Edited by Katsuaki Suganuma
11 chapters, 342 pages with photographs, tables and diagrams
ISBN 08247 4102 1
Here is another multi author textbook to hit the streets on lead-free, surely more will follow in the coming months as we move closer to July 2006. Katsuaki is the author of other titles like Lead-Free Handbook and I believe a Hand Soldering Guide which has only been circulated in Japan, hence Japanese only. He is based in Osaka University and I had the pleasure of meeting him in Japan with the SMART Group Mission. He was also the engineer to do some of the first work on fillet lifting on through hole lead-free joints. I have featured his first text book in past review pages, a limited review as the text was in Japanese, now as promised is this new book.
Authors contributing to the book include Kay Nimmo, Bill Plumbridge, Carol Handwerker, Tetsuro Nishimura and Masao Hirano amongst others. There is a nice section on tin whiskers which I found very interesting, like most people the subject has been done to death so it's good to see a different approach. Yun Zhang covers the topic in relatively simple terms and describes a variety of process experiments. His final conclusions are there are still many unknowns, a solution can work for one application but end up not working for others. It was also interesting the coverage given to the application of whiskers on demand.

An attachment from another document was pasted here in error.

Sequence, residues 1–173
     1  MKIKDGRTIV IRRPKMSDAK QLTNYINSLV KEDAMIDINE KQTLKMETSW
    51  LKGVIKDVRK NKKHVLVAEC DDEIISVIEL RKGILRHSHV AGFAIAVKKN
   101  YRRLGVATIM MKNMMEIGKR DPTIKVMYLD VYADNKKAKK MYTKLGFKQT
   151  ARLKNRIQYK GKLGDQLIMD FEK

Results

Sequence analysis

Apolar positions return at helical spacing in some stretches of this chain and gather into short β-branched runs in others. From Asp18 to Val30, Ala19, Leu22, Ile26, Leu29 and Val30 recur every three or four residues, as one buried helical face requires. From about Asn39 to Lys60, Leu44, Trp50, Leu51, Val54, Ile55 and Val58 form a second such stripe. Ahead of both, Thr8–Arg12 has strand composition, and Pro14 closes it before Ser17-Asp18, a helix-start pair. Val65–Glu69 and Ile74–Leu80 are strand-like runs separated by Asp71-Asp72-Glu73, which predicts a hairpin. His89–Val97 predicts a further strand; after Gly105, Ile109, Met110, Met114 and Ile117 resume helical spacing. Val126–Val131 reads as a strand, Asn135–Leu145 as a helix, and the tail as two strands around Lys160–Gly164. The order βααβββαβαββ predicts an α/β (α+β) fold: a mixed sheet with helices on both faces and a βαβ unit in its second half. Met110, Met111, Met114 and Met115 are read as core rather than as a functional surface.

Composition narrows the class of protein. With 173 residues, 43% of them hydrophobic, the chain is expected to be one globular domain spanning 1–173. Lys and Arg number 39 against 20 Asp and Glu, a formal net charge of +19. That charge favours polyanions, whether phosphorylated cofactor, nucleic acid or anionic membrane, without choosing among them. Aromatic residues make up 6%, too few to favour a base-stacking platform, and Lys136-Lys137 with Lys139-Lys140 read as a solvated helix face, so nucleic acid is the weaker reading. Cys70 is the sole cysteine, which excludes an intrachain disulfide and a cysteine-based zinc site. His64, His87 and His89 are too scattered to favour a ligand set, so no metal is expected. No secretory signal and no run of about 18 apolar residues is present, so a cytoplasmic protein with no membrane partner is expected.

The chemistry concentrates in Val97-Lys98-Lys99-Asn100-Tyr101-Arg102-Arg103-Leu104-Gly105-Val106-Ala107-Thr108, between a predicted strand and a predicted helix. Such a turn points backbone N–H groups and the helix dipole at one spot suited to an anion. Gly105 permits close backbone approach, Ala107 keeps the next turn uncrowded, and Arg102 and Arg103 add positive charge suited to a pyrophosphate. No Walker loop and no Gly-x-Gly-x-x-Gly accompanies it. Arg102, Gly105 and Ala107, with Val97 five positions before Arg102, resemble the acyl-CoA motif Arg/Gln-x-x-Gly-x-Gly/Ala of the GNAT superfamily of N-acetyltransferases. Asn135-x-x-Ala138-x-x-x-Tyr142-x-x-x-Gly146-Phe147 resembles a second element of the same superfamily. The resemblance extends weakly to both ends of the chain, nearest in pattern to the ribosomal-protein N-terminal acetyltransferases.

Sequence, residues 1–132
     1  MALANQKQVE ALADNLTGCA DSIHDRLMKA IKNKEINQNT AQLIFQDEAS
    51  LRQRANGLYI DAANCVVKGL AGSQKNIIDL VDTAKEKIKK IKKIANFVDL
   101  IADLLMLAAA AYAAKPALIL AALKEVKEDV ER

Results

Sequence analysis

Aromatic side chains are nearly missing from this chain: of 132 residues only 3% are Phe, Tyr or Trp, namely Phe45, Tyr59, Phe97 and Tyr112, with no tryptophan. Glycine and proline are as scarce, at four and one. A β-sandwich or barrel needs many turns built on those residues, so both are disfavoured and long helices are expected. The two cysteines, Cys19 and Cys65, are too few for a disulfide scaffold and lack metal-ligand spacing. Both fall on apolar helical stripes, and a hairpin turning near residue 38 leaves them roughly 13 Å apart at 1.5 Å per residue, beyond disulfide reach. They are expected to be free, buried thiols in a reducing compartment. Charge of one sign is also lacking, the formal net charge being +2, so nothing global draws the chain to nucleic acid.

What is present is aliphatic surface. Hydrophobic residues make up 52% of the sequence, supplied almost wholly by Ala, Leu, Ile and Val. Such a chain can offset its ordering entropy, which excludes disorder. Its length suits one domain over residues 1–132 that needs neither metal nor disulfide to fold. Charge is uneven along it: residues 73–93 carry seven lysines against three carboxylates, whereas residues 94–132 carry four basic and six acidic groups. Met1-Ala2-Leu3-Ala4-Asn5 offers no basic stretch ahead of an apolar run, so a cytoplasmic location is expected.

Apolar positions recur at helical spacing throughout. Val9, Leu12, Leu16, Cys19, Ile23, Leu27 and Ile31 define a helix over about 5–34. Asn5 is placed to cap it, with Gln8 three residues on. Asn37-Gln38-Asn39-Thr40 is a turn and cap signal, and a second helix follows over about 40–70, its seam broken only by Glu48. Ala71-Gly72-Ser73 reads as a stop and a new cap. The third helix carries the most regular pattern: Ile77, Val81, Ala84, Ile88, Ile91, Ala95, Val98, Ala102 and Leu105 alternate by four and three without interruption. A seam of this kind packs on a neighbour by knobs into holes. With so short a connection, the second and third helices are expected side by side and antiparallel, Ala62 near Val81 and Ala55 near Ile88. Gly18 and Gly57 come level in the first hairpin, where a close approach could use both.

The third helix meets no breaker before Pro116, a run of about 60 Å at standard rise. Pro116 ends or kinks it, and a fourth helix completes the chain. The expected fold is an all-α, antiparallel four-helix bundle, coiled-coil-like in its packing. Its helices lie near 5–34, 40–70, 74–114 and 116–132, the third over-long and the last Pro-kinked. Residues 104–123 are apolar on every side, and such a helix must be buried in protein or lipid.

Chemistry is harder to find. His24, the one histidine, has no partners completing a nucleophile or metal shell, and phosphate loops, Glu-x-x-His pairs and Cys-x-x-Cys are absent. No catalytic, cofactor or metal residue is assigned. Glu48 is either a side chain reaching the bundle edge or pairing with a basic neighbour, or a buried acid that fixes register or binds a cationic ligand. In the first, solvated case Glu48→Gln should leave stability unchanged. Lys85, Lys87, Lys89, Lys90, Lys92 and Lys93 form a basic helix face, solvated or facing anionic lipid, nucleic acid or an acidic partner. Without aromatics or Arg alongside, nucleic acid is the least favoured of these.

Carol Handwerker from NIST covers material science; our own Kay Nimmo and Bill Plumbridge cover alloy selection and material performance. All of which are fundamental in understanding and comparing what we know about tin/lead solders and what we don't about lead-free. Each will have spent many hours producing the material and researching different data sets that exist.
One chapter is written by Shinichi Fujiuchi who represents one of the larger contract manufacturers in the world, Sanmina - SCI. Shinichi outlines the reflow assembly process including solder paste performance. An interesting topic that this reviewer was not aware was the reason that solder paste with zinc print wonderfully well for a short period of time then turn to a block of concrete. Apparently the zinc reaction products degrade the flux and other elements in the vehicle increasing the viscosity. One supplier has been investigating a coating process to reduce this effect, another application for OSP coatings?
Shinichi also covers a new solderability test procedure for components using solder paste in conjunction with a wetting balance. The technique is used to more closely mimic the process used in production. It will be interesting to see if solderability test equipment suppliers like Concoat look at this test procedure in the future as an option to the solder globule. It was a little disappointing that the reflow process was not covered in much detail with most attention paid to the materials.
The book again guides the user to the inevitable choice of tin/silver/copper as the lead-free alternative but with the use of tin/copper family for wave soldering and manual assembly based on cost. I guess my criticism with the book is the translation in a couple of chapters, which makes it difficult to follow the flow, but still worthy of review.